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Rednecks, Queers, and Country Music Paperback – March 22, 2014

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Editorial Reviews


"This is one of the most intellectually stimulating books I have read in a long time."--Benita Wolters-Fredlund"Notes" (06/01/2015)

Rednecks, Queers, and Country Music is an intellectual tour de force that offers a nuanced exploration of the ways that white middle-class attitudes toward country music and white working-class modes of discourse have led to the marginalization of the white working class in political and cultural discourse.--Travis Stimeling "Journal of the Society for American Music "

From the Inside Flap

"One of the most important scholarly discourses on country music of this decade."
—Jewly Hight, Wondering Sound

"The implications of Rednecks, Queers, and Country Music go far beyond the social and sexual politics of a popular music form. . . . With a light and confident hand and an eye on historical context . . . [Hubbs] makes a strong plea for the redneck and the queer—not necessarily always different people—as significant and positive actors in American life."
—Brian Morton, Times Literary Supplement

"Academics don’t pay enough attention to class. . . . Nadine Hubbs . . . makes the case for paying more attention . . . , suggesting the potential for real political collaboration between the working and the middle classes."
—Kreg Abshire, New Books in Pop Culture

"Opens up a conversation about class that’s long overdue."
—Heather Seggel, The Progressive Populist

"An important book that is . . . as much about moral questions as it is about political, social, and cultural concerns. Our challenge is now to act upon the kind of fortitude and consciousness of resistance the author finds at the heart of working-class culture."
—Ian Peddie, Popular Music and Society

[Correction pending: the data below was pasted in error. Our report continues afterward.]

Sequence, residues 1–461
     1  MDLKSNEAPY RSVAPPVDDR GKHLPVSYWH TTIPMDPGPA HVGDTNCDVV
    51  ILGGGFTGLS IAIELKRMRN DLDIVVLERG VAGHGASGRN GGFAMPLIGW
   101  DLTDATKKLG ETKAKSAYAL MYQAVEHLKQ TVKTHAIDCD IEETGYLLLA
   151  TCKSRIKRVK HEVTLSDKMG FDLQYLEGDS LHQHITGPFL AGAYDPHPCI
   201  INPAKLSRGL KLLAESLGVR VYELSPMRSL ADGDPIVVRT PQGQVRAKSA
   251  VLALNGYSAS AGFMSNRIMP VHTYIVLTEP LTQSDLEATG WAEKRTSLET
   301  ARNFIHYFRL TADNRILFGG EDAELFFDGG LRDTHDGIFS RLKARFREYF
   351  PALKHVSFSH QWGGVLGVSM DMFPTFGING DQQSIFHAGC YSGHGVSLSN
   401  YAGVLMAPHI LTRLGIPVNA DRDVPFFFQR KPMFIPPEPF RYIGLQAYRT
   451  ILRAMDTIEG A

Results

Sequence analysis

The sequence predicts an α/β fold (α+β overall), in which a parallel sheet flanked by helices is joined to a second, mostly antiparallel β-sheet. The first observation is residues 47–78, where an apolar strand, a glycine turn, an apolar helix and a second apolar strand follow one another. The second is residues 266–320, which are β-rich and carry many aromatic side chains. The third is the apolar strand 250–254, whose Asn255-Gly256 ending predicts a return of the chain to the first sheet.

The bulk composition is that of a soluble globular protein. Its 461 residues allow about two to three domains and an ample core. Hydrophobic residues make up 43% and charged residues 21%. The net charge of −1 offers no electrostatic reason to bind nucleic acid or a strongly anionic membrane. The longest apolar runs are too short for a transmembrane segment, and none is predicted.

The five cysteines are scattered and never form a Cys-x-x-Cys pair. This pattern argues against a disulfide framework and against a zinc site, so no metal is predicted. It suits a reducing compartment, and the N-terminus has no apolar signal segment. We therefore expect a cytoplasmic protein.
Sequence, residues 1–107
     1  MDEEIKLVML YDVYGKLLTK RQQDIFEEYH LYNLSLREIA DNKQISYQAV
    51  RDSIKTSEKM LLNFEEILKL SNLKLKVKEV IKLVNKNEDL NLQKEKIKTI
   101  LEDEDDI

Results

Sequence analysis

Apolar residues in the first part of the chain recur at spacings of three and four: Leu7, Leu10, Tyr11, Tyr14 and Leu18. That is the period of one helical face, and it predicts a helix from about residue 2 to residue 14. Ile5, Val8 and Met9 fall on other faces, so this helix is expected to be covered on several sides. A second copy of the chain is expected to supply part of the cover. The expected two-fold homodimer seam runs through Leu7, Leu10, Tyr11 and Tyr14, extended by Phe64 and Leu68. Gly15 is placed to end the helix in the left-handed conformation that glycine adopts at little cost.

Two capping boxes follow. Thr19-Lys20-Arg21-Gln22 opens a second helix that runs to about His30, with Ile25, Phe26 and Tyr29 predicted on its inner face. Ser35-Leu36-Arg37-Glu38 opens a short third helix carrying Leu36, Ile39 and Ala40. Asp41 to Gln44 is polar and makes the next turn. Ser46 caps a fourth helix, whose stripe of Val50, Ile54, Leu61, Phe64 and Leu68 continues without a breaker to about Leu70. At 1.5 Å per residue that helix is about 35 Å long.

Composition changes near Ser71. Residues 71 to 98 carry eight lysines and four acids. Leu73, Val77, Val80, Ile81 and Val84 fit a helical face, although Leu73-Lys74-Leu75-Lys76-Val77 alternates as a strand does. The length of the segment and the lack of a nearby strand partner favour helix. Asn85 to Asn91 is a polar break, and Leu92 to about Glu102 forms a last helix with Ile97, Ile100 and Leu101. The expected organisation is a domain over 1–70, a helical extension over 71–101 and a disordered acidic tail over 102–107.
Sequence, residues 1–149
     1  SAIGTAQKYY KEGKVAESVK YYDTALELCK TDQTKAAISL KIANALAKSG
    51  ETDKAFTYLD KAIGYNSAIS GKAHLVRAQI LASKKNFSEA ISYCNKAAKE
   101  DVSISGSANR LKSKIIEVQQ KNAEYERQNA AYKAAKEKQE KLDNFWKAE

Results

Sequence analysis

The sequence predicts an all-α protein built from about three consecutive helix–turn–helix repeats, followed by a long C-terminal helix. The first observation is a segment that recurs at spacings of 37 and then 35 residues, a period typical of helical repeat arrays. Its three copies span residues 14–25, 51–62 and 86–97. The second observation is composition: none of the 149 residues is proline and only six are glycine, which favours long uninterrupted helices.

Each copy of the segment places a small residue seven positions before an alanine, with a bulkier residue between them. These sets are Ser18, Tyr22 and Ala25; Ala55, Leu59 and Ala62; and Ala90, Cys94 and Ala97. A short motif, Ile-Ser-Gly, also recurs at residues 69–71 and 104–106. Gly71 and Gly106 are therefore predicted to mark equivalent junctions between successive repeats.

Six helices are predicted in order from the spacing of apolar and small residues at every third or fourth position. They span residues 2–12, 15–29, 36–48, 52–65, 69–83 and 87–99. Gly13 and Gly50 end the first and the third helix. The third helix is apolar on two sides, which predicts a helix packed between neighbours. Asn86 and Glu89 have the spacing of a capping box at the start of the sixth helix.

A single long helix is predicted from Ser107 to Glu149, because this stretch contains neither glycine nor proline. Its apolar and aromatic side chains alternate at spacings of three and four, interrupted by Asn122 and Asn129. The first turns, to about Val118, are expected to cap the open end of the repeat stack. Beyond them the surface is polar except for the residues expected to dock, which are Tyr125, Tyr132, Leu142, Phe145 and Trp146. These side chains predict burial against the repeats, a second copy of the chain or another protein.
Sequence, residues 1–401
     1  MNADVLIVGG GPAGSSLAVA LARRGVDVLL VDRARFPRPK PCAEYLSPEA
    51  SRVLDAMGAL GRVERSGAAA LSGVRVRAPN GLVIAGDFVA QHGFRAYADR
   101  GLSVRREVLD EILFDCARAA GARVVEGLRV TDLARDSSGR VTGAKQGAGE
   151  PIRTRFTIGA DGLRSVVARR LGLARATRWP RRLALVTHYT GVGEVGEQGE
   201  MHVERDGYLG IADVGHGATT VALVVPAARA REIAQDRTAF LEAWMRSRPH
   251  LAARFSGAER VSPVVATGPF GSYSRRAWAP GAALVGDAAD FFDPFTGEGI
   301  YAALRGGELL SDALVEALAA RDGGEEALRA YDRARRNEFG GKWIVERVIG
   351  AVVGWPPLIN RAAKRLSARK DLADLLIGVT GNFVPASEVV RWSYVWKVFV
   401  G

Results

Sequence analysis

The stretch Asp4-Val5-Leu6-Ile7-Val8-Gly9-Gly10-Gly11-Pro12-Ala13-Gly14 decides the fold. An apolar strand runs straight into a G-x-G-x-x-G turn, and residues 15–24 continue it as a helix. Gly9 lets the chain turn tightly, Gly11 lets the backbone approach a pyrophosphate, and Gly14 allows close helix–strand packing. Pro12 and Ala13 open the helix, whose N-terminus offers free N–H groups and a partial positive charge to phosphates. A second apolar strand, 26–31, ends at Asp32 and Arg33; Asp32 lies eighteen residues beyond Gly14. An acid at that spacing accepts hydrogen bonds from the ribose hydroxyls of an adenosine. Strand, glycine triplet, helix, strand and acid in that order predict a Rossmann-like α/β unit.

“No book in 2014 made me think more than Nadine Hubbs’s Rednecks, Queers And Country Music, a vigorously written study . . . whose argument is as tight as a groundhog trap in Tennessee.”
—Books of the Year 2014, The Herald Scotland

"It has been a long time since a scholarly book gave me this much sheer pleasure. Hubbs's dazzling discussions of songs and music history are like candy, and I consumed them eagerly. The focus on class is long overdue and entirely welcome. This book exemplifies a revitalized and analytically potent resurrection of class studies, and one that is rich, embodied, and granular. The bibliography and literature reviews are themselves a breathtaking contribution, but that pales before the book’s own innovative claims and arguments. Rednecks, Queers, and Country Music vaporizes a whole collection of received assumptions about the relationships among class, musical cultures, and politics—most specifically, the pervasive characterizations of the middle class as queer tolerant and the working class as homophobic. A theoretical tour de force."—Gayle Rubin, author of Deviations: A Gayle Rubin Reader

"In lucid, economical prose and in eloquent detail, Nadine Hubbs describes the cultural poetics of working-class subjectivity. She treats country music and the communities of taste (and distaste) to which it gives rise as rich sources of information about the symbolic language of social inequality in the United States. One of her brilliant insights is that toleration of homosexuality has gone from being a symptom of working-class pathology in the early twentieth century to being a manifestation of middle-class enlightenment by that century’s end, while homophobia has been transformed from an ostensibly reasonable and justified middle-class attitude to an allegedly bigoted working-class one. The result of this analysis of changing social attitudes is a major reconceptualization of the history and politics of sexuality in the U.S." —David Halperin, author of How to be Gay